Supply chain – The COVID-19 pandemic has definitely had the impact of its impact on the world. health and Economic indicators have been compromised and all industries are touched within a way or some other. Among the industries in which this was clearly noticeable will be the agriculture and food industry.
In 2019, the Dutch agriculture and food niche contributed 6.4 % to the yucky domestic item (CBS, 2020). According to the FoodService Instituut, the foodservice business in the Netherlands lost € 7.1 billion in 2020. The hospitality trade lost 41.5 % of its turnover as show by ProcurementNation, while at the identical time supermarkets enhanced the turnover of theirs with € 1.8 billion.
Disruptions of the food chain have big consequences for the Dutch economy and food security as many stakeholders are impacted. Even though it was apparent to a lot of individuals that there was a big effect at the end of the chain (e.g., hoarding doing grocery stores, restaurants closing) as well as at the beginning of the chain (e.g., harvested potatoes not finding customers), there are numerous actors inside the source chain for which the effect is less clear. It is therefore important to figure out how well the food supply chain as a whole is actually prepared to cope with disruptions. Researchers from the Operations Research and Logistics Group at Wageningen University and coming from Wageningen Economics Research, led by Professor Sander de Leeuw, analyzed the influences of the COVID-19 pandemic throughout the food resources chain. They based the examination of theirs on interviews with about 30 Dutch supply chain actors.
Demand in retail up, in food service down It’s apparent and popular that need in the foodservice channels went down due to the closure of restaurants, amongst others. In a few instances, sales for vendors of the food service business thus fell to aproximatelly twenty % of the original volume. Being an adverse reaction, demand in the list stations went up and remained within a degree of aproximatelly 10-20 % higher than before the problems started.
Goods that had to come through abroad had the own problems of theirs. With the change in desire coming from foodservice to retail, the need for packaging improved considerably, More tin, cup or plastic material was needed for wearing in buyer packaging. As more of this particular packaging material ended up in consumers’ houses as opposed to in places, the cardboard recycling function got disrupted as well, causing shortages.
The shifts in need have had a major impact on output activities. In certain cases, this even meant a total stop of production (e.g. in the duck farming business, which emerged to a standstill due to demand fall out inside the foodservice sector). In other instances, a major section of the personnel contracted corona (e.g. in the various meats processing industry), resulting in a closure of equipment.
Supply chain – Distribution activities were also affected. The start of the Corona crisis of China sparked the flow of sea bins to slow down fairly shortly in 2020. This resulted in limited transport capability during the very first weeks of the crisis, and costs that are high for container transport as a direct result. Truck travel experienced different problems. To begin with, there were uncertainties regarding how transport would be handled at borders, which in the long run weren’t as rigid as feared. That which was problematic in cases that are many , nevertheless, was the accessibility of drivers.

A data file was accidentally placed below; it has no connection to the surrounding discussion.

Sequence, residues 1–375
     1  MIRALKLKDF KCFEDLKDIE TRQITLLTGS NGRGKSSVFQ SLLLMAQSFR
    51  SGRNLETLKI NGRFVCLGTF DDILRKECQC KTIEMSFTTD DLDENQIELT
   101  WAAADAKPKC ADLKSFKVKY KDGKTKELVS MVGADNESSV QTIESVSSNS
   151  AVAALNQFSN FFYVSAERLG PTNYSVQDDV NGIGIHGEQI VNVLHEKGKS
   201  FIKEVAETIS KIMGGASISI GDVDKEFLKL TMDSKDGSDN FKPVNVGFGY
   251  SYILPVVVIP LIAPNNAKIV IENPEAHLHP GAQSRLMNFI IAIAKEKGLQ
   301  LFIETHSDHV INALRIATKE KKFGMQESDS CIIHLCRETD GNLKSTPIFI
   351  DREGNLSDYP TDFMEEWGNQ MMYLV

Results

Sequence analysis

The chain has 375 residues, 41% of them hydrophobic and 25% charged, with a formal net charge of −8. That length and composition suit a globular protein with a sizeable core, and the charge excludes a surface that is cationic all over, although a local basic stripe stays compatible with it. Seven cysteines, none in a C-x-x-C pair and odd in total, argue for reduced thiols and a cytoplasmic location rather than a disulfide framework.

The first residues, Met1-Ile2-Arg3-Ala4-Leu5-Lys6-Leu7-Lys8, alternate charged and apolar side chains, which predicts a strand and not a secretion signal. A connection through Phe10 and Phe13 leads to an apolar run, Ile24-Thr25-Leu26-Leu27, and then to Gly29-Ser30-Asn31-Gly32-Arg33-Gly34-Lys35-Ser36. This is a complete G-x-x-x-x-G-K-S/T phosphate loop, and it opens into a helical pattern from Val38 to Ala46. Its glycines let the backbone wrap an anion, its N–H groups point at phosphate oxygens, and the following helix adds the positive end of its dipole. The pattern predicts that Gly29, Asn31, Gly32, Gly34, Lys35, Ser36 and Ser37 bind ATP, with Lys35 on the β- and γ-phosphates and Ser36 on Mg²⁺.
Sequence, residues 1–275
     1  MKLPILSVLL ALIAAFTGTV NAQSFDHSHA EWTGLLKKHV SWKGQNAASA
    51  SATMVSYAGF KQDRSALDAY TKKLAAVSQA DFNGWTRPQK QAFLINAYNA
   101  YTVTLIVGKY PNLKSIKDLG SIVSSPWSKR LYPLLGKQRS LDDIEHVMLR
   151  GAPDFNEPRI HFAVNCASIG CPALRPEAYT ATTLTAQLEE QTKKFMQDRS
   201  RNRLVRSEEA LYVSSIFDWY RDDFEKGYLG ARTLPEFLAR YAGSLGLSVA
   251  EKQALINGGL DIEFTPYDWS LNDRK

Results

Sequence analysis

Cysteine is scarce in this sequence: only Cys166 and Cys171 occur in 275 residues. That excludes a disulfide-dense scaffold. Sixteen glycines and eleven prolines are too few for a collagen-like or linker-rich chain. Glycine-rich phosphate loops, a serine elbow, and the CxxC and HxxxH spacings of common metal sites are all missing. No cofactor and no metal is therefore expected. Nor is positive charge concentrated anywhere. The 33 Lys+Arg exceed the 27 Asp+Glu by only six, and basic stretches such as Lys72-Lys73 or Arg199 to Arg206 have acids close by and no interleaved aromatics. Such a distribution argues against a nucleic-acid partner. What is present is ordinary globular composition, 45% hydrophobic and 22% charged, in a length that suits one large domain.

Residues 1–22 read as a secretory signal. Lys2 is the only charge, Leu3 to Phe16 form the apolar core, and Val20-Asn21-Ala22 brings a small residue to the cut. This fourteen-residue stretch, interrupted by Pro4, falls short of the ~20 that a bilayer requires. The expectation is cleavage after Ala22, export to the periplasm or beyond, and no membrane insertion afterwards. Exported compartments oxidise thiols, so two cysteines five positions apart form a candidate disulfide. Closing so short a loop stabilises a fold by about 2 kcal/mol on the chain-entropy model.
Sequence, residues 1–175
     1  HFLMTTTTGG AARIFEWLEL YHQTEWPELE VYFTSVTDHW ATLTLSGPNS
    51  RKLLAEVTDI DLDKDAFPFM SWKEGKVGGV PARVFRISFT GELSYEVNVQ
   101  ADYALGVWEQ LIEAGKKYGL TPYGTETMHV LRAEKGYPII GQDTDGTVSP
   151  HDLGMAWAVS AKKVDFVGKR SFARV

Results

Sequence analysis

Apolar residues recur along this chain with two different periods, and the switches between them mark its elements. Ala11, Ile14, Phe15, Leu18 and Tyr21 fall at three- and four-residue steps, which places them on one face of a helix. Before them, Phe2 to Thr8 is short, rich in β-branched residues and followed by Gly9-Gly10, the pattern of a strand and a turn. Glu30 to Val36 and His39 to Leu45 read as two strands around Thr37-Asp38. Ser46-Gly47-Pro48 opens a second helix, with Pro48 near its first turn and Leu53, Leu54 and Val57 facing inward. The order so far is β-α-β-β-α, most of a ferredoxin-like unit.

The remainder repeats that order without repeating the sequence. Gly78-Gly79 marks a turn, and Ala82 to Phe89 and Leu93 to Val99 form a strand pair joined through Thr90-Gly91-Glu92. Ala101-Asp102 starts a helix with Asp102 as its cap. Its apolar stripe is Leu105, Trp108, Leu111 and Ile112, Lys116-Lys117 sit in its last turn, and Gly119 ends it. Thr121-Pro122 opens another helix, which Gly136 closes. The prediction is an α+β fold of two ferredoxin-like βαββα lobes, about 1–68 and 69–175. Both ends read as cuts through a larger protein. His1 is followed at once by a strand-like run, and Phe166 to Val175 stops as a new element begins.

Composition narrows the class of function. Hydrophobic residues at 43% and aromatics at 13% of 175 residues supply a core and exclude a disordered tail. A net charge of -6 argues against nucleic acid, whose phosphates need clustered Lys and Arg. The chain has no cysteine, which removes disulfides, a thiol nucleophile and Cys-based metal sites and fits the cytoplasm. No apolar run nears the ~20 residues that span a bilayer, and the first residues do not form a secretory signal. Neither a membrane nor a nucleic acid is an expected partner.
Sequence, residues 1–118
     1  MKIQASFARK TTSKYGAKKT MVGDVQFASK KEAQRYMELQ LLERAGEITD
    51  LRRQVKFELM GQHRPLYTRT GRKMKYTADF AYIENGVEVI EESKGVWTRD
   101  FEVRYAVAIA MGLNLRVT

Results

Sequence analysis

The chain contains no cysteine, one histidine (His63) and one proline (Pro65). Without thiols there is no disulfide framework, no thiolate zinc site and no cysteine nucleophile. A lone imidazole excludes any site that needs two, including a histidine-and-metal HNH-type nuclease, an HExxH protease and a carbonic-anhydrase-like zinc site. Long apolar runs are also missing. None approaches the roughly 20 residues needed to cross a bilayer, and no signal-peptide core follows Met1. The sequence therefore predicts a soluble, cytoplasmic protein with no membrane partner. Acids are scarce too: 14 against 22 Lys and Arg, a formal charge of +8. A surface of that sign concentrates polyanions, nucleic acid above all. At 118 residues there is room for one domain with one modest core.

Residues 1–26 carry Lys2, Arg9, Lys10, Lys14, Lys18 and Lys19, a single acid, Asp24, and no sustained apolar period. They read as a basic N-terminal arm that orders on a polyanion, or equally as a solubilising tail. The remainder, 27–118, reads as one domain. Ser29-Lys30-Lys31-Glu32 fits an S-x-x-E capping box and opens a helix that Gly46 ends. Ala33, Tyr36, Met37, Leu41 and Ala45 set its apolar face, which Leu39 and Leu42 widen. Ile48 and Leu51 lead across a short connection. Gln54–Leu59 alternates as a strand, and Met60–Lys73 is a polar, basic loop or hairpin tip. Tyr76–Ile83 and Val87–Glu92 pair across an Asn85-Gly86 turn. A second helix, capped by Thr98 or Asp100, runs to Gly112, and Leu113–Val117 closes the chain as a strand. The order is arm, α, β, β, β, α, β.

The response to COVID 19 – provide chain resilience The source chain resilience analysis held by Prof. de Colleagues as well as Leeuw, was used on the overview of the core components of supply chain resilience:
Using this framework for the analysis of the interviews, the results show that few businesses were well prepared for the corona crisis and actually mostly applied responsive methods. Probably the most notable source chain lessons were:
Figure 1. 8 best methods for meals supply chain resilience
First, the need to develop the supply chain for agility as well as flexibility. This seems particularly challenging for smaller sized companies: building resilience right into a supply chain takes time and attention in the business, and smaller organizations often do not have the capability to accomplish that.
Second, it was observed that much more interest was necessary on spreading threat and also aiming for risk reduction within the supply chain. For the future, meaning more attention ought to be given to the manner in which businesses count on suppliers, customers, and specific countries.
Third, attention is required for explicit prioritization and intelligent rationing techniques in cases in which need cannot be met. Explicit prioritization is actually required to keep on to meet market expectations but also to improve market shares in which competitors miss options. This particular task isn’t new, however, it’s also been underexposed in this crisis and was often not part of preparatory pursuits.
Fourthly, the corona issues shows us that the economic result of a crisis additionally depends on the way cooperation in the chain is set up. It is typically unclear exactly how further expenses (and benefits) are actually distributed in a chain, in case at all.
Last but not least, relative to other functional departments, the businesses and supply chain works are in the driving accommodate during a crisis. Product development and marketing activities need to go hand deeply in hand with supply chain pursuits. Regardless of whether the corona pandemic will structurally change the basic considerations between logistics and production on the one hand and marketing and advertising on the other, the long term must tell.
How’s the Dutch food supply chain coping throughout the corona crisis?